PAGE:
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Research suggests Twitch streams really do lead to increased game sales

3 min read

Punch club

We all know that engagement is important. It’s a word I don’t always like because it feels like marketing or PR terminology that eventually is used so much that it stops meaning anything. But for now, it makes sense – if people are interested in your game, and want to talk about it, watch other people play it, and are aware and engaged with it enough, they will play it, and play it for a while. Twitch is apparently an important part of that, and new research points developers and studios towards the platform with the promise that their sales will increase… never mind the fact that the research was done by a Twitch employee.

I found that when a Steam connected viewer watched a game on Twitch, their odds of purchasing the game within 24 hours went up substantially,” Hernandez wrote. “So I attribute purchases that fit this ‘watch then buy’ pattern to Twitch.

The research looked at an example of TinyBuild’s Punch Club. When it launched the game, it had a novel approach – the game would be released when the people in chat beat the game. So think Twitch plays but with an actual end goal or reward. Within six weeks, 1.2 million viewers watch Punch Club on Twitch, leading 2.8% of Steam-connected viewers to buy the game:

Given the assumption that steam connected viewers, 0.53 percent of views, behave similarly to Twitch’s global viewership, I estimate 25 percent of Punch Club sales are directly attributable to Twitch.

That’s not too surprising – watching games on Twitch is sort of like going to a friend’s house and watching them play something. If it looks really cool, you’ll probably want to go buy it, too. However, the interesting finding from the research is that smaller channels actually lead to more conversions than the massive channels.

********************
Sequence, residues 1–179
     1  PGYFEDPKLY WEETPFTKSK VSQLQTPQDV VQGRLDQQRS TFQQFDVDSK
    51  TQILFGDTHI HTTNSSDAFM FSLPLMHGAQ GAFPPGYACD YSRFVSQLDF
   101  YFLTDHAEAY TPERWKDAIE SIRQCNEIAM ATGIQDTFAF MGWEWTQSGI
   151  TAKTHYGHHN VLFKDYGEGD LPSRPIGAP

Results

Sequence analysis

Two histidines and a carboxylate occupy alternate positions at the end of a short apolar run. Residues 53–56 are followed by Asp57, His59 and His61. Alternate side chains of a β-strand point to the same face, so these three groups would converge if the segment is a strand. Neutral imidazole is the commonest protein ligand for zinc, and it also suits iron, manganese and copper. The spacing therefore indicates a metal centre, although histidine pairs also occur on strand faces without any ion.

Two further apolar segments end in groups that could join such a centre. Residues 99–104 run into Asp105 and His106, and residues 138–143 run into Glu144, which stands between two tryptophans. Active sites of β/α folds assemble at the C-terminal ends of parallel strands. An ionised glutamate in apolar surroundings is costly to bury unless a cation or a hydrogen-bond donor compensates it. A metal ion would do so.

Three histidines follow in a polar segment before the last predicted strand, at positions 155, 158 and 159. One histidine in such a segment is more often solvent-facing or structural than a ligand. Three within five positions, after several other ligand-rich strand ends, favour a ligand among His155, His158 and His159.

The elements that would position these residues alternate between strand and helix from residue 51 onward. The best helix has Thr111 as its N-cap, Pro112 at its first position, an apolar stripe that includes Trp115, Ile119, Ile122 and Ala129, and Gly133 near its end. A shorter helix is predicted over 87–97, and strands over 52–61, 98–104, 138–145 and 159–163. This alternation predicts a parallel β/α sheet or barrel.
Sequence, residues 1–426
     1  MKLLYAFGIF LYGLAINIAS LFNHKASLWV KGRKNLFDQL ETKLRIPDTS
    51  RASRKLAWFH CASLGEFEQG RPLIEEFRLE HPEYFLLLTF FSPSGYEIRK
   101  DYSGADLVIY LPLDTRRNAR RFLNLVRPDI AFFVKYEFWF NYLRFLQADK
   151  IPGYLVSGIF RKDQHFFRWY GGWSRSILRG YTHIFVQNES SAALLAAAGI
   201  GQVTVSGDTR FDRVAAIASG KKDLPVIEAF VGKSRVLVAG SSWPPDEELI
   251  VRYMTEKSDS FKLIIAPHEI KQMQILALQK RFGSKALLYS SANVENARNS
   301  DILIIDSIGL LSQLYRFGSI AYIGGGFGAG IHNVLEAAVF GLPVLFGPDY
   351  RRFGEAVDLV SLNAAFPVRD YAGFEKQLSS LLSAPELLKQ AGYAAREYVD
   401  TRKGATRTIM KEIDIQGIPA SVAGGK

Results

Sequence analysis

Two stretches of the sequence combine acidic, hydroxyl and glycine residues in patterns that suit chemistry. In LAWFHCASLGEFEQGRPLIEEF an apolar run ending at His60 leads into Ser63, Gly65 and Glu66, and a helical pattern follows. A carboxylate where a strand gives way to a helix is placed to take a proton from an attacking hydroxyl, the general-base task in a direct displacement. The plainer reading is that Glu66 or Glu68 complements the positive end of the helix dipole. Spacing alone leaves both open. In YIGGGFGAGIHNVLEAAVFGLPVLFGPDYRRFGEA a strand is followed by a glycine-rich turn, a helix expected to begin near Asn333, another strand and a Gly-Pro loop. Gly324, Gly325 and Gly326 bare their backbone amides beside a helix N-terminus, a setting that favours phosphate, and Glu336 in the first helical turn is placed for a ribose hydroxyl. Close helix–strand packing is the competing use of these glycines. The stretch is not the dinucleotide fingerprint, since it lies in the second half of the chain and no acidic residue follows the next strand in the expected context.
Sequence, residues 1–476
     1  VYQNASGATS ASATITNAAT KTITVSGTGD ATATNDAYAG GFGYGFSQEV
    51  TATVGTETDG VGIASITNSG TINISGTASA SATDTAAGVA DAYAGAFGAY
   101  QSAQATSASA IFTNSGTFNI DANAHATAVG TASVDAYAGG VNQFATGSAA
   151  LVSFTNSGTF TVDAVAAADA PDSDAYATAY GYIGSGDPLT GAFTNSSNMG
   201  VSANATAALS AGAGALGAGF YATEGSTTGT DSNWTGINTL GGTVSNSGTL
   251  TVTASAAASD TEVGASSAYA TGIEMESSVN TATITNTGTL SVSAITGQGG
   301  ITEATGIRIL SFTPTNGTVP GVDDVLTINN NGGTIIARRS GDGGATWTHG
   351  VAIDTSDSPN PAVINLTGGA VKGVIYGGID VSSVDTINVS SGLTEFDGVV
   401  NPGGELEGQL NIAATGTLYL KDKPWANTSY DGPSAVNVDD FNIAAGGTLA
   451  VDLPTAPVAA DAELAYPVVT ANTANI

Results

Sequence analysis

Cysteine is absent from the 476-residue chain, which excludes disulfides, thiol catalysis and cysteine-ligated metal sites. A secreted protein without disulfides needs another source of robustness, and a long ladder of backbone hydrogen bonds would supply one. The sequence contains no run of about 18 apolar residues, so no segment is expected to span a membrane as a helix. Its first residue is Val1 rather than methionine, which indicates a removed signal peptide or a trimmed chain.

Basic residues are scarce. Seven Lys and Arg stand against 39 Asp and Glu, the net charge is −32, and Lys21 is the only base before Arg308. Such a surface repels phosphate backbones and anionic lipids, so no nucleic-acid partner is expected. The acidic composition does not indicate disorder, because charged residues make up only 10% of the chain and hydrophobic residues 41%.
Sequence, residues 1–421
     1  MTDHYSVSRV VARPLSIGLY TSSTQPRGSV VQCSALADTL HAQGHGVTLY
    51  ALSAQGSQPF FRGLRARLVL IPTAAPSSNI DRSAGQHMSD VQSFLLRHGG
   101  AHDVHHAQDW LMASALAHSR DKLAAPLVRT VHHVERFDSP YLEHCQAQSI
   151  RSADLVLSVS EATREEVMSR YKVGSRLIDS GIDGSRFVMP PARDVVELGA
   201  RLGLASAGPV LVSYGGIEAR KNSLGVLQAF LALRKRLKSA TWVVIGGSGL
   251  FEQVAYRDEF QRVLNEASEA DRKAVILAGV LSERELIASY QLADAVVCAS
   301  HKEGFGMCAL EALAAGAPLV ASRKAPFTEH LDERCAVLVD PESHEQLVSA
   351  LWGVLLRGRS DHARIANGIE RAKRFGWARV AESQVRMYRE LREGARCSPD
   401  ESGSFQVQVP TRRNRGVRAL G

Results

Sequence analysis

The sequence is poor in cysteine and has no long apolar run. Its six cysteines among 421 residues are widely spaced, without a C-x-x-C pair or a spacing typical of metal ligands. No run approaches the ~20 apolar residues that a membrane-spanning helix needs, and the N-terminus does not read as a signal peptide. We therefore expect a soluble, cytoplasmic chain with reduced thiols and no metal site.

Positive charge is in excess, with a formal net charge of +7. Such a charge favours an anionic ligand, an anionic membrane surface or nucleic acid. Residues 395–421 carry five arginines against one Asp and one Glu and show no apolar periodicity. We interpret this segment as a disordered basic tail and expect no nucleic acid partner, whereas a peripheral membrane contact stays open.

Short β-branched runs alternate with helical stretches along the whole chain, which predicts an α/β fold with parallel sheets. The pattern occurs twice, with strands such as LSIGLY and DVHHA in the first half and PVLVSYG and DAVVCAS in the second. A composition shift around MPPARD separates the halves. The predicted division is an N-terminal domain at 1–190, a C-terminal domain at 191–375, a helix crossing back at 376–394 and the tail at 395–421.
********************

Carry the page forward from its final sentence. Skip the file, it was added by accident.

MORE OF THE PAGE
Hernandez concluded that 46 percent of sales to broadcasters that average between 33 and 3,333 concurrent viewers on Twitch. This is because, he believes, smaller channels are more like your friend’s couch and less like a stadium.
He said mid-tier broadcasters convert views into purchases 13 times more effectively than top-tier broadcasters. Small broadcasters convert views into purchases 1000 times more effectively than top-tier broadcasters.

It’s not that Twitch simply reminds your potential buyers that a game exists, or the bigger broadcasters would be more likely to make people buy. It seems that the engagement and fun times people have interacting with their favorite broadcasters while they play a cool looking game makes them more likely to purchase it for themselves.

Of course the research concludes that all developers and studios should take a “Stream First” approach to get gamers involved and interested, something I’d take with a bit of caution considering that this guy is researching on behalf of Twitch and would obviously like more games to focus on their Twitch interactions. However, it is really interesting to see that watching a stream can help boost sales. While this might not be true for all games, it certainly is intriguing. It’s almost as if demos have been replaced by let’s plays – giving gamers the chance to see what a game is about without needing to fork out the cash.

I still need to get into watching Twitch streams – they just generally haven’t lured me in as of yet. Do you have favorite streamers? Who you would recommend?


Last Updated: July 14, 2016

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